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Apple’s App Store analytics may be able to identify users

Privacy. That’s iPhone.



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According to security researchers, Apple could identify a user in analytics it collects through a unique identifier that can be linked to a user’s data. iCloud account.

As a privacy-focused company, Apple’s introduction of App tracking transparency, as well as assurances that it would not collect any identifiable data about a user’s usage habits, is supposed to assure users that they are not necessarily being tracked and that their data is monetized in some way. In details dug up by two researchers, it seems that Apple is capable of this.

In a series from Monday tweet, iOS developers Mysk continued to investigate Apple’s systems and discovered an ID in the analytics data called “dsId”. It was later determined that this refers to a “Directory Services Identifier”, which is associated with an iCloud account.

Any DSID can theoretically be linked to an existing iCloud account. If the investigation is correct and Apple has chosen to do so, it will have the corresponding username, email and other details related to the account.

The identifier is included in all analytical data App Store sends to Apple, while other apps do the same. According to Mysk, this means that “your detailed behavior when browsing apps in the App Store is sent to Apple and includes the ID needed to associate the data with you.”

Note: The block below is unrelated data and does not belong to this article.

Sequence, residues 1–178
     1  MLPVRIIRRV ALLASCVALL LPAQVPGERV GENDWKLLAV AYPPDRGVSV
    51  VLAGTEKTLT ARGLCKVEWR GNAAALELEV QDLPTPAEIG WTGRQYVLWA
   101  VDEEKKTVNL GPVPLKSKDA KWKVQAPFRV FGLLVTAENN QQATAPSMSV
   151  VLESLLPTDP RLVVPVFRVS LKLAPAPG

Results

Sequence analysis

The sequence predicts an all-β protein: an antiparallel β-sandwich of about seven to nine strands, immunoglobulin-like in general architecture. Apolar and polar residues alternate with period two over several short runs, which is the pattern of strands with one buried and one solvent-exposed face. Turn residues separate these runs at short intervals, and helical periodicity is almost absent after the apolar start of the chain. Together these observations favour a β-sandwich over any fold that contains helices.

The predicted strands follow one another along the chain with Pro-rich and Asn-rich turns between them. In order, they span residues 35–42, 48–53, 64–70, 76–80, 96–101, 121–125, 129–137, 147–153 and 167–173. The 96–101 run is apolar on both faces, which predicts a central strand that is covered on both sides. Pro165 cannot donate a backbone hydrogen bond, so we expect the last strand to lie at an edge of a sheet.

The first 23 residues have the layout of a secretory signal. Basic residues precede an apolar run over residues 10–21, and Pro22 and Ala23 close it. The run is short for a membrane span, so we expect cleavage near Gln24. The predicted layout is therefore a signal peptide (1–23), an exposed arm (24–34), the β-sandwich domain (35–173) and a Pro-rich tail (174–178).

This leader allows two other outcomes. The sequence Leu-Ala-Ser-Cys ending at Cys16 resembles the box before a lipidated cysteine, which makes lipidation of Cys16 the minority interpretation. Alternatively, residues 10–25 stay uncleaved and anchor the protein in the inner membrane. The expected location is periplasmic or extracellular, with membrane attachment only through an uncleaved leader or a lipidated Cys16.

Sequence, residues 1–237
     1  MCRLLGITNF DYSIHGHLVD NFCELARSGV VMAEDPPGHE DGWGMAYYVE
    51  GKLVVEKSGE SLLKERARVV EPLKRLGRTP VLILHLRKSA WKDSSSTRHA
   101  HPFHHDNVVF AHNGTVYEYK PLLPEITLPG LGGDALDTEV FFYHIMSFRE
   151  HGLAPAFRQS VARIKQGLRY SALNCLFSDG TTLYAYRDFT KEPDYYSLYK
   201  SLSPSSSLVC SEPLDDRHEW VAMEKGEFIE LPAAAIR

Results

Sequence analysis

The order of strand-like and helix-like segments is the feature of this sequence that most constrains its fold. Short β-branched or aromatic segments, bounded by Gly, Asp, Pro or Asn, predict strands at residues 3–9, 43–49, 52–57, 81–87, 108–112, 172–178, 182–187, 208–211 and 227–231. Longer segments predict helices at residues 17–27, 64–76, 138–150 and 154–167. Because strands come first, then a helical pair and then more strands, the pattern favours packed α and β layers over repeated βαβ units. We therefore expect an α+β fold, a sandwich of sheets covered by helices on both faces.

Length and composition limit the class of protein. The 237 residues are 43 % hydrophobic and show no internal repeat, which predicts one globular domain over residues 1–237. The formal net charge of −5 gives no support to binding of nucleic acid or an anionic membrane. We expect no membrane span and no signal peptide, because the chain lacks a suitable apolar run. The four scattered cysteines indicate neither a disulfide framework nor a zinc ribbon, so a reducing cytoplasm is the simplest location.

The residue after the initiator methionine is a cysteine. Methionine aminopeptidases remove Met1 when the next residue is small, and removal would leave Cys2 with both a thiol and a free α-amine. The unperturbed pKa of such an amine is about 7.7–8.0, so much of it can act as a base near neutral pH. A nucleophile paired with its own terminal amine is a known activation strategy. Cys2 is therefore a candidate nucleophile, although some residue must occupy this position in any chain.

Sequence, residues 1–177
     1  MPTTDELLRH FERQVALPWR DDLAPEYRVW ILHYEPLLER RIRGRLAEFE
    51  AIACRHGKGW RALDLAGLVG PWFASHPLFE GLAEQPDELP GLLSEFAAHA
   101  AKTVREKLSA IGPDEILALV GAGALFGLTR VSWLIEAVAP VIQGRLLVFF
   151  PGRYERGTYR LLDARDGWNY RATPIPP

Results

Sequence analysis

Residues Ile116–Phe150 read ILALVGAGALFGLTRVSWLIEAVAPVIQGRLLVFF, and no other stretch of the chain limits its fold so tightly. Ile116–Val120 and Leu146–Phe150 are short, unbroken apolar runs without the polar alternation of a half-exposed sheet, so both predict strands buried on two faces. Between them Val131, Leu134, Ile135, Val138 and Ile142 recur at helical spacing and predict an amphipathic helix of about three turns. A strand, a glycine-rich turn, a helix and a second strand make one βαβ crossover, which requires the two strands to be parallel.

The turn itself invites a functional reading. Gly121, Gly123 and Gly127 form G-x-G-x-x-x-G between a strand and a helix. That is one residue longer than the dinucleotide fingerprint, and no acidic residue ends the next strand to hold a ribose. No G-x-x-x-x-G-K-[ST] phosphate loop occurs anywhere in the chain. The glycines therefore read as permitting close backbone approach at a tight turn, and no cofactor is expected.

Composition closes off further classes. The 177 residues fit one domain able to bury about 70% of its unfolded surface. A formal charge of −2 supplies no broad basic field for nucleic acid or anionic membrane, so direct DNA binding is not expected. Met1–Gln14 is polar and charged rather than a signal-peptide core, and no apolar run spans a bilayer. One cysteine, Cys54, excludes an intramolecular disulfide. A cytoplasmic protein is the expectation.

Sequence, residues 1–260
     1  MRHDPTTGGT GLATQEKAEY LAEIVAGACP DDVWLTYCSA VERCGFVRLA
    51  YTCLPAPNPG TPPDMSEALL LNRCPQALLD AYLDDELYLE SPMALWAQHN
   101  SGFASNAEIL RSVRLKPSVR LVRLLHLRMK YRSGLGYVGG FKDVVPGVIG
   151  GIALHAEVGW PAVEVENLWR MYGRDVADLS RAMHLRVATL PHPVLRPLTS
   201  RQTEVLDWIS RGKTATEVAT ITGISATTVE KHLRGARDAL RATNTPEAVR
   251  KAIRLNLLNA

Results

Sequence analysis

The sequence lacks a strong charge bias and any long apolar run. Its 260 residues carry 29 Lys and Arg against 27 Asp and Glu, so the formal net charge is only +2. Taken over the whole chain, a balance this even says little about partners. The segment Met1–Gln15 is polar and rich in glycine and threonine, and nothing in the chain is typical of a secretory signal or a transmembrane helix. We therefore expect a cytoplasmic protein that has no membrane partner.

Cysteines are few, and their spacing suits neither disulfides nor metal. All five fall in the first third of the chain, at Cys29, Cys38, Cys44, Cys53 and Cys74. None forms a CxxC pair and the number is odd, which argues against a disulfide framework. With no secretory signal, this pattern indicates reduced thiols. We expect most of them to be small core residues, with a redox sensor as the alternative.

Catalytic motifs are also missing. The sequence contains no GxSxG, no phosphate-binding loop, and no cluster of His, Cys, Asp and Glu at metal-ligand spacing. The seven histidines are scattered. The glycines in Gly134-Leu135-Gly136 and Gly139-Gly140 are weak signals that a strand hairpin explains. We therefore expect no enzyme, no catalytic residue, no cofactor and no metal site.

Mysk points out that Apple’s own Device analytics and privacy statement states “None of the information collected personally identifies you”, which is characterized as “inaccurate”.

Apple has previously and publicly claimed that it is not in the business of selling user data, also explaining how it uses data in its advertising platforms. This includes claims that its advertising platform does not associate user or device data with data collected from third parties for targeted advertising, and that it does not share user device or device identifiers with data collection companies.

Despite claims that it doesn’t sell data and that it works to anonymize data used by customers of its advertising platform, the problem here is that Apple could still potentially use the identifiable data for its own purposesand that there is evidence that it is able to collect identifiable data.

AppleInsider has contacted Apple for comment.

An attempt on November 12 class action pack against Apple came forward claiming that Apple is violating the user’s right to privacy because it knows what users are looking at in the App Strore. That lawsuit was based on research from Mysk, but at the time the researchers could not verify what data was sent in iOS 16 due to the use of encryption.

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